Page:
"The electoral college is a farce," Winchell said. "It only exists for the presidential election -- if it was so wonderful, they would have it for all other votes. They need to get rid of it."
Winchell thinks that sites like his are hastening that process.
Alan Porter, a San Francisco engineer who started Votexchange, said that one of the reasons he started his site was to exploit an anachronistic voting process.
Porter said that he and the others who helped him start Votexchange have "strong feelings about the dilemma we're facing this year. The quality of the candidates is not what we would like to see -- and by voting for the fringe candidate, we might be doing people in the country a disservice."
According to Chris Watney, a spokeswoman for the Justice Department, such vote trades are kosher as far as the law is concerned.
"In general, it's a crime to promise voters anything of value if they vote a certain way," she said. "So this system, where no money is exchanged, is OK."
That depends on your philosophical ideas about voting, said Jamin Raskin, a professor of constitutional law at American University.
"Some people think that their vote is an expressive act, that it's immoral ever to veer away from what's in your heart of hearts," he said. "But others believe it's purely a strategic act -- and you should only care about what the final result is going to be."
"There are millions of people who are cheering on Ralph Nader because he's revitalized the progressive agenda, but who also want to stop Bush and would like to see Gore in office," he said.
Despite these millions, though, Raskin thinks that it might be a bit too late in the election cycle for vote trading to catch on quickly enough to make a difference in the race. But he said it's worth noting that other close elections have turned on margins of just a few thousand votes.
An electoral college clearly fit a country with very local political cultures," he said, referring to the early days of the United States. "The Internet has created the idea of a national political culture." But Raskin indicated that the two could fit together nicely.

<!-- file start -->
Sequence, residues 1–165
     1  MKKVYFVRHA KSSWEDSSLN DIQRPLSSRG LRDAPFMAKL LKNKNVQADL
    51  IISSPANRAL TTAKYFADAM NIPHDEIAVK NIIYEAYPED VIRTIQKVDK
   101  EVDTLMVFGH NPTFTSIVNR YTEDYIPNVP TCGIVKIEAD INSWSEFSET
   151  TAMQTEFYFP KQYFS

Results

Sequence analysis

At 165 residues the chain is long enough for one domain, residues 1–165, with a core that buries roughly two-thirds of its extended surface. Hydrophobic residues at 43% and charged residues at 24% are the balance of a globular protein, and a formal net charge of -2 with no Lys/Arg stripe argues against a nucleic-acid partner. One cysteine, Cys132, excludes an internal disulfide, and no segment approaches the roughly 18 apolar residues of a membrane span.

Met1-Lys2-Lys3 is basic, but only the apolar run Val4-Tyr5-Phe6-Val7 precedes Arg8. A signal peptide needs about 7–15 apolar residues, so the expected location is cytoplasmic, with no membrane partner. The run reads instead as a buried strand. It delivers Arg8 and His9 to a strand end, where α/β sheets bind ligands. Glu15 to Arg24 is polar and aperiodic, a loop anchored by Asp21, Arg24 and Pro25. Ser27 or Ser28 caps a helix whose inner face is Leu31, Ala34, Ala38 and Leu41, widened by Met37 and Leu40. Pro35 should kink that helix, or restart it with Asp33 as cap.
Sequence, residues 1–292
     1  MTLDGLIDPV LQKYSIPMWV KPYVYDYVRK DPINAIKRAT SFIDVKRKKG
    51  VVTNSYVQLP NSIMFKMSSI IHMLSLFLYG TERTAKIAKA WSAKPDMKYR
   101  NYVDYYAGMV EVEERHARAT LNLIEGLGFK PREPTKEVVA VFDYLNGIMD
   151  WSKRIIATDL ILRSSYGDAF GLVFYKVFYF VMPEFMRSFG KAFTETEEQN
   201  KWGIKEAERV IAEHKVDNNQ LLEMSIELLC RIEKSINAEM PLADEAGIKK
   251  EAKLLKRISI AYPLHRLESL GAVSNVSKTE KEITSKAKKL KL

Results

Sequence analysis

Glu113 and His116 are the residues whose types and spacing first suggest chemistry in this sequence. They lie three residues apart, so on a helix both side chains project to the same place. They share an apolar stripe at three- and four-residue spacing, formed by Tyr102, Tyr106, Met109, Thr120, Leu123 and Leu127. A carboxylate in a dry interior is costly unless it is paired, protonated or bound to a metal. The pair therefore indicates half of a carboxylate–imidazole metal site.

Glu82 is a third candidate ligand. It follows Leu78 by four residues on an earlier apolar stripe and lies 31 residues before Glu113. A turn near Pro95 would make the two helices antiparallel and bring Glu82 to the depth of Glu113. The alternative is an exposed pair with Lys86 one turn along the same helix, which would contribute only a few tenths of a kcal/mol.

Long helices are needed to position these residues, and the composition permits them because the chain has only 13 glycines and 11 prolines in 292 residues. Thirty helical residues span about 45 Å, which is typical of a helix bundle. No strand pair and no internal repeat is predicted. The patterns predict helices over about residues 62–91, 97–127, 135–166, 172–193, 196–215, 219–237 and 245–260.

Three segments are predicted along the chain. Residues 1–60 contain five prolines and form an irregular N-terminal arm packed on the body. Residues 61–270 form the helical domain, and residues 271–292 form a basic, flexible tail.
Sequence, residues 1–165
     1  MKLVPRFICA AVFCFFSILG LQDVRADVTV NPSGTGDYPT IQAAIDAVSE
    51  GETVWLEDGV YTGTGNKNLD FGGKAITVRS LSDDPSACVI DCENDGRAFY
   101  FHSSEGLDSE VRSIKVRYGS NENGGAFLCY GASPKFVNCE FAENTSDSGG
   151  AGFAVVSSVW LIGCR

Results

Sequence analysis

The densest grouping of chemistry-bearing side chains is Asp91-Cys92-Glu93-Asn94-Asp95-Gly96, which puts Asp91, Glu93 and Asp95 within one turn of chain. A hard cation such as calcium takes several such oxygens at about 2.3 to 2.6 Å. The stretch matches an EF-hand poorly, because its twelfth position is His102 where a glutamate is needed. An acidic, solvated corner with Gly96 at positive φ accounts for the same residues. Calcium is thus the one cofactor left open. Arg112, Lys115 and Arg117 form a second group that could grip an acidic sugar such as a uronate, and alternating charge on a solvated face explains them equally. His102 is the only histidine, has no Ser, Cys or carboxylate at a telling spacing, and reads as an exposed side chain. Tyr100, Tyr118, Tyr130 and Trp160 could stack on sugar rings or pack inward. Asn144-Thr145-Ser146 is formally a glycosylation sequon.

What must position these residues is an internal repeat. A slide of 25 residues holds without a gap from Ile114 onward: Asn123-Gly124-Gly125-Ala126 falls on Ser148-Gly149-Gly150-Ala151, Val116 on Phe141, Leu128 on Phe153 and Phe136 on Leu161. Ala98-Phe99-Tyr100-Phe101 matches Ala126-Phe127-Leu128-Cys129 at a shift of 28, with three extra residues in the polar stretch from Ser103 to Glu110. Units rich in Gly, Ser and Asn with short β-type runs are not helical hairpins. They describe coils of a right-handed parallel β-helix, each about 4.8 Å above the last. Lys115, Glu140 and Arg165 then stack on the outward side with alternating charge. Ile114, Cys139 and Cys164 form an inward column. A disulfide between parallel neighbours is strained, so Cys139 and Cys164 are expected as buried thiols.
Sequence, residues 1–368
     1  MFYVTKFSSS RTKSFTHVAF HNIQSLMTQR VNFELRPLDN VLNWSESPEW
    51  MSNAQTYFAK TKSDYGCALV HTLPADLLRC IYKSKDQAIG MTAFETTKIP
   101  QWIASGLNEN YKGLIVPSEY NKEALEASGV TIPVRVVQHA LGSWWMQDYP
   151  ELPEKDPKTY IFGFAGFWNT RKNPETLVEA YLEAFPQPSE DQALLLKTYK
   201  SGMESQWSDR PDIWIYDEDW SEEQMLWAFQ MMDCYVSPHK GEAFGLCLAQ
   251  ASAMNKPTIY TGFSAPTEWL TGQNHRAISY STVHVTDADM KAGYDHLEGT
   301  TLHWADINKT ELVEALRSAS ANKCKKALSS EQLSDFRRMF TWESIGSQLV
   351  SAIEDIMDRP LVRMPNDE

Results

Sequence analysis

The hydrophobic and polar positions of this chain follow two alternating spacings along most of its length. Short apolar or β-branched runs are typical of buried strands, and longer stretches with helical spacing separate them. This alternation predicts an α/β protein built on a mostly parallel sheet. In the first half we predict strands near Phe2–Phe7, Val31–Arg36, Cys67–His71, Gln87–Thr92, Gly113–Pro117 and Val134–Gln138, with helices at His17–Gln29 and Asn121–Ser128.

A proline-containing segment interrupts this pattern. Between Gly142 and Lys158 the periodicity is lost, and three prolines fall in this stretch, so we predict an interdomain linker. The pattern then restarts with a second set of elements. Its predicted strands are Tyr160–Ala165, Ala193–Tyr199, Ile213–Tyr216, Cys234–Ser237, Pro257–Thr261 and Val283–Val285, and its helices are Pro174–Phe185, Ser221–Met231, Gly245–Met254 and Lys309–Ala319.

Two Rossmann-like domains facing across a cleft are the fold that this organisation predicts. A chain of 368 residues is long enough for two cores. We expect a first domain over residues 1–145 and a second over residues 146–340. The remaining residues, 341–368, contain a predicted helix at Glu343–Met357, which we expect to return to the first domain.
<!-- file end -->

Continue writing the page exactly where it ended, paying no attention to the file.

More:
Voter.com's Smith said that while Internet trading may highlight flaws in the electoral system, every system would have problems.
"If you go to a strict popular vote," he said, "then a candidate could be, say, the governor of California and win the support of that state. He could lose about 40 other states and still win the presidency." And that wouldn't be any more fair, would it?
Smith said that even if Gore could benefit form the Internet vote trading, "the Gore people shouldn't touch this. They shouldn't endorse it." Craig said that a Gore endorsement of trading would weaken the VP's image -- people would ask, "Can't he win without these websites?"
The Nader campaign, too, couldn't be reached for comment, but a campaign spokeswoman told the Associated Press that "some people are encouraging tactical voting, but our campaign is encouraging people in every state to vote for Ralph Nader."
"Governor Bush and the Bush campaign are focussed solely on our positive message and our campaign," he said. "We'll leave it to the disenfranchised liberals and the Gore campaign to worry about their problems."